Marin Wildfire agency outlines $20 million worth of projects

The Marin Wildfire Prevention Authority has developed a plan for 2022-2023 that proposes more than $20 million for more than 100 fire fuel reduction and defensible space projects.

The agency is expected to approve proposals after July 1, when funding for new fiscal year projects becomes available, said Mark Brown, the chief executive.

The plan sets goals in five key areas: vegetation management and forest fire prevention; detection, alert and evacuation; subsidies; public awareness and education; and defensible space and home hardening.

The proposals include 23 projects totaling more than $4.5 million across the county. They also include $2 million for 20 projects at Novato; $2 million for 21 projects in San Rafael; $1.8 million for 22 projects in downtown Marin; $1.44 million for 23 projects in South Marin; and $827,000 for 15 projects in West Marin.

Initiatives include $4 million for home reinforcement and defensible space assessments; 83 miles of fuel cuts at Ross Valley and Novato; maintenance of large open spaces and current fuel cuts; expansion of a grant program that offers $5,000 for home reinforcement and $1,000 for defensive space projects; investment in a model analyzing the security impact of hardening at home; and acoustic warning systems for evacuation and notifications.

“We take a systems approach. It takes all the systems working together to be successful,” Brown said. “None of this will succeed unless our residents step up and do the work they are responsible for around their homes.”

Defensible spacework has already had an impact this season, Brown said. A recent fire in a eucalyptus grove in San Rafael affected an area cleared for defensible space and significantly slowed the fire’s spread.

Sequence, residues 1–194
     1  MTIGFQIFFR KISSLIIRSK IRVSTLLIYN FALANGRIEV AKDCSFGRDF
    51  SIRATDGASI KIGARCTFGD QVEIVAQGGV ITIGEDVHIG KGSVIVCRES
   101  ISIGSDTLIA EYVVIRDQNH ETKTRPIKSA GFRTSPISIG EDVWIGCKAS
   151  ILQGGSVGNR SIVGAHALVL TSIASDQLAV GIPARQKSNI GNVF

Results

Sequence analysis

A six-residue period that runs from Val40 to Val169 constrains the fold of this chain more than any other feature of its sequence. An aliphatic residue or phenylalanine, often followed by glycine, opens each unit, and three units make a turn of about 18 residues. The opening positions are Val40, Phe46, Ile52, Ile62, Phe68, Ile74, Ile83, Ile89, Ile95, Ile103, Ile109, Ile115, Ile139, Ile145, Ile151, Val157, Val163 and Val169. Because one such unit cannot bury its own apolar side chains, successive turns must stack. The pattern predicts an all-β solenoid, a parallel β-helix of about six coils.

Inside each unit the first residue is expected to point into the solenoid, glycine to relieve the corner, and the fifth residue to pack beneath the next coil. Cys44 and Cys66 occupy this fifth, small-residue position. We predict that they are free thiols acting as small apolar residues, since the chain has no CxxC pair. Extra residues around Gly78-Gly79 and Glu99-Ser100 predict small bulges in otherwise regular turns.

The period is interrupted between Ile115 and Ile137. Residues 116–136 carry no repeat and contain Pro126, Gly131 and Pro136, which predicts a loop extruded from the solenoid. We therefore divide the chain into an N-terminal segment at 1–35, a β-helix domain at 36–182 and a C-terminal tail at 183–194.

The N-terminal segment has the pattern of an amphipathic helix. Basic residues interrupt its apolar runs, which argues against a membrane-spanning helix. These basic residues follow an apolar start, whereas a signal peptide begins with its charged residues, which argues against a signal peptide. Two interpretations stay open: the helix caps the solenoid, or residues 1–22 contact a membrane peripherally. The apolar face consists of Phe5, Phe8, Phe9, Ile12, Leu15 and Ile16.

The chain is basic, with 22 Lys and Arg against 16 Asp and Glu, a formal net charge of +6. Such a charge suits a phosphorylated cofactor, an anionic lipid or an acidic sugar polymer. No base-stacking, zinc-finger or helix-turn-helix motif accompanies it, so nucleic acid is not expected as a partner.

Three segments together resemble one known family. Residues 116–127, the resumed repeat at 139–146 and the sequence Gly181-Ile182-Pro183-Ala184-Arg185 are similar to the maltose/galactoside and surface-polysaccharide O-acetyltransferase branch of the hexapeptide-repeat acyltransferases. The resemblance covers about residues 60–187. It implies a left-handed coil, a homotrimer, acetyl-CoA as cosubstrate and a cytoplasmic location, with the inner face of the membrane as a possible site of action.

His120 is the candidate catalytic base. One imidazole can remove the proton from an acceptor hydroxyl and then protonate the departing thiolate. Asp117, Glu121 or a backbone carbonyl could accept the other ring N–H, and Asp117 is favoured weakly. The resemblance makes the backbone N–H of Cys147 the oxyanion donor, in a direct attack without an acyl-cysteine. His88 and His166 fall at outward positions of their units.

The cause of the fire has not been determined, said Deputy Chief Bob Sinnott of the San Rafael Fire Department.

Brown said the wildfire agency has been using escape route clearing and vegetation management projects for the past year.

In San Rafael, the cleared areas include 5.5 miles of fire roads and 180 acres of open space. In addition, 13 miles of roads were prepared with evacuation improvements and 165 households received direct assistance, said Quinn Gardner, emergency manager with the San Rafael Fire Department.

“At San Rafael, our goal is to ensure that all of our residents, regardless of age, income, property or language, are supported, educated and benefit directly from the MWPA,” she said. “This includes grants, direct assistance, education, evacuation improvements, vegetation management, defensible space, emergency alert recording and personal preparedness.”

Novato Fire Chief Bill Tyler said there are plans to clear fire fuels on more than 426 acres in the Marin Highlands, Ignacio Valley, Marin Valley, Bahia, Miwok Park, Arroyo Avichi, Lynwood Hill, Anderson-Rowe East, Hamilton, Atherton Ranch and long areas of the neighborhood. Evacuation route management is planned in the areas of Canyon Road/Novato Heights, Marin Highland, Indian Valley, Green Point, Black Point and Ignacio Boulevard.

The district is also considering a fuel cut around the city and 200-300 foot buffers around all neighborhoods served by the district.

“At Novato, we have an existing built environment that is highly combustible,” Tyler said. “There are over 12,500 parcels with approximately 14,000 buildings located within the Wildlands Urban Interface Area. This means that more than half of all plots and buildings in Novato are threatened by wildfires during wildfire season. »

Tyler said the wildfire authority has funded more than 500 grants totaling more than $875,000 in the Novato area. Last quarter, the district completed approximately 2,100 home and roadside assessments.

The Joint Powers Authority was created in 2019. It is funded by Measure C, which was passed in March 2020 and imposed a building plot tax of 10 cents per square foot.

Sixty percent of Measure C revenue is allocated to cross-jurisdictional projects; 20% for forest fire prevention mitigation at the community level; and 20% for defensible space assessments and home hardening for residents.

Comments are closed.